The economy recovered in 1999, growing an estimated 1.4 per cent. Revenue growth exceeded the 1999/00 forecast by a considerable margin, owing to unexpected strength in forest product exports and energy prices, and a number of one-time revenue gains, including additional income tax payments from the federal government in respect of prior years.

Although a number of extraordinary items raised expenditures above planned levels and lowered the net income of some Crown corporations, the summary accounts deficit2 was still lower than forecast. Combined with revised historical figures on the size of the provincial economy, the taxpayer-supported debt-to-GDP ratio of 21.8 per cent was lower than the forecast in Budget '99 of 23.9 per cent.

Looking ahead, the outlook for the economy has improved from a year ago. Federal and provincial tax cuts introduced this year and in previous years will reduce revenues in the short run, although this effect will be partly reversed as their positive economic effects return some of the lost revenue over the longer run. In addition, the federal government injected additional funds in each of the last two years to support health care, and has indicated a willingness to do more in this area. Any additional transfers from the federal government would be more than offset by the effect of tax cuts on revenues and upward pressures on health care expenditures (current federal transfers equal only 14 per cent of British Columbia health, education and social services spending). As a result, there will be minimal near-term improvement in the overall fiscal picture.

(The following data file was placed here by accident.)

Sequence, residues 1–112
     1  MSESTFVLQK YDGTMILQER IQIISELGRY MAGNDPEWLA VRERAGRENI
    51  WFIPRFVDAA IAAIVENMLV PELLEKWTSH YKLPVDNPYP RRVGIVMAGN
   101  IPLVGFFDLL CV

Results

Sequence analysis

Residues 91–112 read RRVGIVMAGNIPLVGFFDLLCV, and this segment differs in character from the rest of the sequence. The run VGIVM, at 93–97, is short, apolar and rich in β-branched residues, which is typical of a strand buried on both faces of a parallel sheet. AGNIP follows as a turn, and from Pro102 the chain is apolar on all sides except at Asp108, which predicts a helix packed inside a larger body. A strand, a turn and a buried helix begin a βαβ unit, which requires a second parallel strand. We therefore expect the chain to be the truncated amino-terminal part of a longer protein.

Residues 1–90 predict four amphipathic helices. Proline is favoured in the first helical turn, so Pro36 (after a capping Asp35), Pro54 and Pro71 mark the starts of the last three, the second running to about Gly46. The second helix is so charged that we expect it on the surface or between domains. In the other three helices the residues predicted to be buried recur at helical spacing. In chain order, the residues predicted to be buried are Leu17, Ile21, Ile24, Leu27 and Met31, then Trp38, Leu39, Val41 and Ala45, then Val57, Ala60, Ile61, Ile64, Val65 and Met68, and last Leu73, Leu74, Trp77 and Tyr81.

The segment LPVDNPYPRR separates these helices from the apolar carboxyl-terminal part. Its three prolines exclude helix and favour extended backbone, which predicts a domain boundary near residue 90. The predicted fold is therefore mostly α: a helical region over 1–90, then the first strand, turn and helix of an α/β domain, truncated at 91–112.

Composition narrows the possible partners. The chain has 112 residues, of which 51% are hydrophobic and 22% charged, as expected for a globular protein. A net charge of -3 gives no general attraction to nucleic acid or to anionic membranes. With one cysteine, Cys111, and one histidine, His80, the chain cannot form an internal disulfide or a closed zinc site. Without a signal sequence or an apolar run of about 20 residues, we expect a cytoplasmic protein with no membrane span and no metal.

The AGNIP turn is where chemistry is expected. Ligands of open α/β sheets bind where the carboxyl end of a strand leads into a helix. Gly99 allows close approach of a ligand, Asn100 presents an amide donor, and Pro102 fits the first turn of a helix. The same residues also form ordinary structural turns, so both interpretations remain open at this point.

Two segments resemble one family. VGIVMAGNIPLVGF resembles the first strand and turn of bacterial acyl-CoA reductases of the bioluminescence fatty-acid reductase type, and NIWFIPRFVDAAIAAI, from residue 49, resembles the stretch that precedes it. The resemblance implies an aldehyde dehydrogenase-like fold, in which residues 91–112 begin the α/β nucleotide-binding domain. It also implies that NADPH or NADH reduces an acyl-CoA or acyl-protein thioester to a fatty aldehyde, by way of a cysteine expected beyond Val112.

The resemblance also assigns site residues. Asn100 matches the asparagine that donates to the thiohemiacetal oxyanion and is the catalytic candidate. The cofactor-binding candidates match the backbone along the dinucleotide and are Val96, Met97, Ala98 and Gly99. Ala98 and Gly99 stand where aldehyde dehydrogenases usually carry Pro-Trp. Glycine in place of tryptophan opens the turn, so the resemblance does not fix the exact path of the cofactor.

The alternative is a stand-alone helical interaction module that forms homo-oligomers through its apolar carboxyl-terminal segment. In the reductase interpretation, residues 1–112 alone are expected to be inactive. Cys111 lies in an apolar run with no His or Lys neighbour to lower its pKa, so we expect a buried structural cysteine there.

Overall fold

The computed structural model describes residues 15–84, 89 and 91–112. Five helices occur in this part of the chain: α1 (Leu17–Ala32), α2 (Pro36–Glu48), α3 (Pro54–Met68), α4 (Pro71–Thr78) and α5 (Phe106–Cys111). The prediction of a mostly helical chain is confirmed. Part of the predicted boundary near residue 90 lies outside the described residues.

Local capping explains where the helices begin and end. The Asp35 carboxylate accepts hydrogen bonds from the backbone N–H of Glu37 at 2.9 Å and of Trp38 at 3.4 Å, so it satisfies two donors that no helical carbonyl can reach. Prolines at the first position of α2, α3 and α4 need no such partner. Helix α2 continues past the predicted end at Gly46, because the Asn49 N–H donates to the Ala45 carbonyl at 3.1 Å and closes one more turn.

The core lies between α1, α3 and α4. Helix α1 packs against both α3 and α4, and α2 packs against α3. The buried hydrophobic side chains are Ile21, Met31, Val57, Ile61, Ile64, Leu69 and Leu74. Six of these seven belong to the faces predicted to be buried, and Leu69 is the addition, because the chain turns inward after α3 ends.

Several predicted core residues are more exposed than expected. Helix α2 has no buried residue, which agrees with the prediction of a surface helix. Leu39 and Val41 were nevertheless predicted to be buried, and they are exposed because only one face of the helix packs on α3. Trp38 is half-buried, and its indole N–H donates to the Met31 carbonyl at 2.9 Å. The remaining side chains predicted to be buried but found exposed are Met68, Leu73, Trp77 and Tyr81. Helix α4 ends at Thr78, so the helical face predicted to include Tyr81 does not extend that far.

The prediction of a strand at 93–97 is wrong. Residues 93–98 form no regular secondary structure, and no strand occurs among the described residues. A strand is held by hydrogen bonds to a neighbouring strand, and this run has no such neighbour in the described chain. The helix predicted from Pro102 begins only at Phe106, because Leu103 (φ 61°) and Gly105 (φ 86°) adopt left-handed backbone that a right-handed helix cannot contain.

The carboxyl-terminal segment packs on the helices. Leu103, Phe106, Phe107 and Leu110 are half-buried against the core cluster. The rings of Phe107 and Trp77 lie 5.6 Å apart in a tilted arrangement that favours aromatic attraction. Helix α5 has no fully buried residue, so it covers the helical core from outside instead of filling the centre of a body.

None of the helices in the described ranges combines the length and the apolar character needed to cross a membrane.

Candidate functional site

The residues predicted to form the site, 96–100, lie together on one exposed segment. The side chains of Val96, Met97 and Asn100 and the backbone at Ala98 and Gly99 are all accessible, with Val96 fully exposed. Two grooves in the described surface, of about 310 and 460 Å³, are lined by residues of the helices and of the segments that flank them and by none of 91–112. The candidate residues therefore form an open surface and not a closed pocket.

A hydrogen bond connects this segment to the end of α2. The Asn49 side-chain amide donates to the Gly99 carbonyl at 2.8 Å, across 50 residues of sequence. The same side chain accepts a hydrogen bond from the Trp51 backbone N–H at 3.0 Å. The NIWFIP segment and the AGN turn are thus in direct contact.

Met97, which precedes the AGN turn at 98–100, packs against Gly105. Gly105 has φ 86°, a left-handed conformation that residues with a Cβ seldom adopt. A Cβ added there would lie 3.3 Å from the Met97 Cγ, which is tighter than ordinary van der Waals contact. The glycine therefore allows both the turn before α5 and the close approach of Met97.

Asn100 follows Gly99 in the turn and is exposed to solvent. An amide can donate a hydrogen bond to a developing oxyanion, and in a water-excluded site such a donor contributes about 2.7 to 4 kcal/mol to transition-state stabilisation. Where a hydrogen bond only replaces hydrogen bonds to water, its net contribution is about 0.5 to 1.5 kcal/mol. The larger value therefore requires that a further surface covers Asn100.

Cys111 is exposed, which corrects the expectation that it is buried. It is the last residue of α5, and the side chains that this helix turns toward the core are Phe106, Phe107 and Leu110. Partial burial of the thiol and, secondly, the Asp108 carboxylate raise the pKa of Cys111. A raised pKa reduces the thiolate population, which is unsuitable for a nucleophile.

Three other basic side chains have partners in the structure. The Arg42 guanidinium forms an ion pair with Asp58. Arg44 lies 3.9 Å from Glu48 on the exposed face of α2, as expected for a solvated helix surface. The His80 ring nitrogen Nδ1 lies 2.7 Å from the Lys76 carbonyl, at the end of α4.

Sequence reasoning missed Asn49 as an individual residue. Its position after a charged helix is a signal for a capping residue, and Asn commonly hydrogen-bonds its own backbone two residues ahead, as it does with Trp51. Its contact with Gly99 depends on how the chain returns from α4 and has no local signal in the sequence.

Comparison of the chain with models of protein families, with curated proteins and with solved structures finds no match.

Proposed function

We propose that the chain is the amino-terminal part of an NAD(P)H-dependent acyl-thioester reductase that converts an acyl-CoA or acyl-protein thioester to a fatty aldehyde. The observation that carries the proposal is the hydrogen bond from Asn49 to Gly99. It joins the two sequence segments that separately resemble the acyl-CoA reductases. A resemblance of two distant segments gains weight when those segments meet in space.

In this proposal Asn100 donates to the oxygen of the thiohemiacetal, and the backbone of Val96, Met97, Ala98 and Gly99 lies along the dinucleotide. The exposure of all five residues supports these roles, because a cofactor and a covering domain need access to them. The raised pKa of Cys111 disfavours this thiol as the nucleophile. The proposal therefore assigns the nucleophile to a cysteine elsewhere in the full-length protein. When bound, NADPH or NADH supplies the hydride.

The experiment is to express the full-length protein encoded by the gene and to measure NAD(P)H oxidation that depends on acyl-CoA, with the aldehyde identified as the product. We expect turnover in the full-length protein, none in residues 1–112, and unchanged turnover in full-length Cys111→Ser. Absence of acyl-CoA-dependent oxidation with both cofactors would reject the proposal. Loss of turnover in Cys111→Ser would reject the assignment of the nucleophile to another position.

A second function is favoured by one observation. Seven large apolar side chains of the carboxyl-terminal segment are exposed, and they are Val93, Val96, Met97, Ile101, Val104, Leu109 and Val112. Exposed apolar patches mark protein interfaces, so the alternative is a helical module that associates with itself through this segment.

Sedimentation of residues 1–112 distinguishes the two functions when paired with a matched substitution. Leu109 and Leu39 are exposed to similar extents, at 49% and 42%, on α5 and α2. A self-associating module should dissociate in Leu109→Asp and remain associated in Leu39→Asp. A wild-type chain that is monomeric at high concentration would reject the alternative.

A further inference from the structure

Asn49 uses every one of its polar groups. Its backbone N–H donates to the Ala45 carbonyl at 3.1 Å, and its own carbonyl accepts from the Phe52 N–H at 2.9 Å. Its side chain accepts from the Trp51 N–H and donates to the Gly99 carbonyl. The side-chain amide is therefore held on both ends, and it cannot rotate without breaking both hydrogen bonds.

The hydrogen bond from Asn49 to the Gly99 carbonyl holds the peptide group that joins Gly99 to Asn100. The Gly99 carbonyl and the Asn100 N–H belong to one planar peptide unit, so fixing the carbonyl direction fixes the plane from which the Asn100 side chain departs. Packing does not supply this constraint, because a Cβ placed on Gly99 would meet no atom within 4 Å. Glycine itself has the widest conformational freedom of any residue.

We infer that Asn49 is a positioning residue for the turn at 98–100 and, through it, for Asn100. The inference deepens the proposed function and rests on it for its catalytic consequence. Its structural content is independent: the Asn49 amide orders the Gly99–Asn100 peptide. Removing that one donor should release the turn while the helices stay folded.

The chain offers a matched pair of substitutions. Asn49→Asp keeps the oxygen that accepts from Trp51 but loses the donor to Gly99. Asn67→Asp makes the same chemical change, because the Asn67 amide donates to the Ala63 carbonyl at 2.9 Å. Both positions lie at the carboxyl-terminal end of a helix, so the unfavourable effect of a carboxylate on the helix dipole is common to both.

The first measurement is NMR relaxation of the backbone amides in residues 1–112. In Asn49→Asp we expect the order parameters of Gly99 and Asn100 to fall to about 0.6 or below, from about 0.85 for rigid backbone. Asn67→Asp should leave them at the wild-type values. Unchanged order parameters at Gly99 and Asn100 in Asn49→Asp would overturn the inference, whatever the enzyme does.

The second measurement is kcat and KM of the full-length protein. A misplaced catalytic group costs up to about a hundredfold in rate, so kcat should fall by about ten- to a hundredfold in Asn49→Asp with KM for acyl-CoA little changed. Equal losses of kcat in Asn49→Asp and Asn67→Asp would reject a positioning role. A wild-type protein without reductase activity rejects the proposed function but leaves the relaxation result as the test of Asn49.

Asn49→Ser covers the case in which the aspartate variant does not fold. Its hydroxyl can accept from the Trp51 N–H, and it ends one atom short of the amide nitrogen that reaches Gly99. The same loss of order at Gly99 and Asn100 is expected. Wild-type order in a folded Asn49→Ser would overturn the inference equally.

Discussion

Fiscal Policy Advice

As in previous years, the government has consulted widely, and received advice from many groups: